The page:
• Photo Credit: MSI/Sam Dew

ICPD25: the time for action

Friday, 26 Jul 2019
The countdown is on for The Nairobi Summit on the International Conference on Population and Development (ICPD). This year marks 25 years since the first summit in 1994, held in Cairo.

Back then, Governments, donors, civil society, and other partners made commitments to reduce infant and child mortality, reduce maternal mortality, ensurne universal education, and increase access to sexual and reproductive health and rights, amongst many others. These commitments were a massive step forward for the rights of women and girls: committing to changes across the lifecycle.

Although significant commitments where made at the 1994 ICPD, recognising what was important, it did not cover the ‘how’. The consequence has been little action on the commitments made.  Sir Richard Ottaway, one of the original 1994 delegation, reflected, “We aren’t seeing the results we were hoping to see”.

25 years later, this ICPD must be about action.

On World Population Day, 10th July, donors, government, and civil society came together at the UK House of Lords to discuss the priorities for this upcoming milestone anniversary of ICPD, and what needs to be considered to ensure we start seeing results.

UNFPA convened a group of panellists who spoke of what action looked like in their contexts, as, politicians, sports women, advocates, and journalists.

Action is implementing transparency

Epidemiological, financial, and demographic data enable all to monitor whether a) funding is allocated to ICPD commitments and b) whether this funding is used efficiently. Guardian journalist, Liz Ford, requested politicians in the room commit to publishing data. This would enable governments, donors, and civil society to track whether action is happening, and hold each other to account on ICPD commitments.  

Action is prioritising inclusion

Action is not possible if it does not include the most marginalised groups. Paralympian, Anne Wafula Strike MBE, spoke passionately of the importance of including people with disabilities in ICPD, specifically in meeting their demand for sexual reproductive health rights (SRHR). Marginalised groups must stop being an after-thought: ICPD commitments will only become reality if we address the barriers affecting the most marginalised.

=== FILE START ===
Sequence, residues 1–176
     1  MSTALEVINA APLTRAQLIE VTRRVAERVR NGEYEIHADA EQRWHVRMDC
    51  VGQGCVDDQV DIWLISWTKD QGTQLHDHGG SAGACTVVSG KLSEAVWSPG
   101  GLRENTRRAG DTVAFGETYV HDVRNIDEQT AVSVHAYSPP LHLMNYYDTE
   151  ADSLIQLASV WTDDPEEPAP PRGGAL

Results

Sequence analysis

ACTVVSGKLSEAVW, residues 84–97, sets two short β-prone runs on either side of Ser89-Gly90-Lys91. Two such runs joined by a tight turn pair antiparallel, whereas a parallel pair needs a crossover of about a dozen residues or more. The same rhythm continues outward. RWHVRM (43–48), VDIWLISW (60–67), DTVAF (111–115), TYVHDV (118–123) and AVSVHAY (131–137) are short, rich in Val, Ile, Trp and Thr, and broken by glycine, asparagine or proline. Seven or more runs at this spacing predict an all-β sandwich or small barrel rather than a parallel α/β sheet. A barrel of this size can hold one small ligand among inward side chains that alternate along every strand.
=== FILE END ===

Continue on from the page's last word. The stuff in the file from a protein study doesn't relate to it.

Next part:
Action is recognising difference

The barriers that hinder action on ICPD are not the same in every country, community, or for every individual. We must recognise the heterogeneity of population groups and tailor solutions to meet the commitments. The cofounder of the International Youth Alliance for Family Planning, Jilian Gedeon, shared stories highlighting the different journeys and experiences with sexual reproductive health, specifically amongst young people, and the need to avoid a ‘one size fits all’ approach.

Action is establishing accountability

ICPD was 25 years ago. There is a new wave of young people working under the umbrella of commitments made at ICPD, who are unaware of all the thinking, workings, and discussions that took place in 1994. To create action, we need accountability. To create accountability, we need institutional memory. This requires learning and decision making to be shared between those involved in 1994, and those who have entered the discussion since, to ensure that all are involved in making ICPD commitments a reality for the long term.

The next ICPD will be held in Nairobi in November, co-convened by the governments of Kenya and Denmark, and UNFPA. Preparations are well under way. Options is partnering with governments across the world to ensure that, in the drive for renewed commitments, we focus on the ‘how’. We believe this ICPD is about action, and therefore, we are working together to ensure that we all have the knowledge to implement ICPD commitments; hold each other to account; and achieve results.

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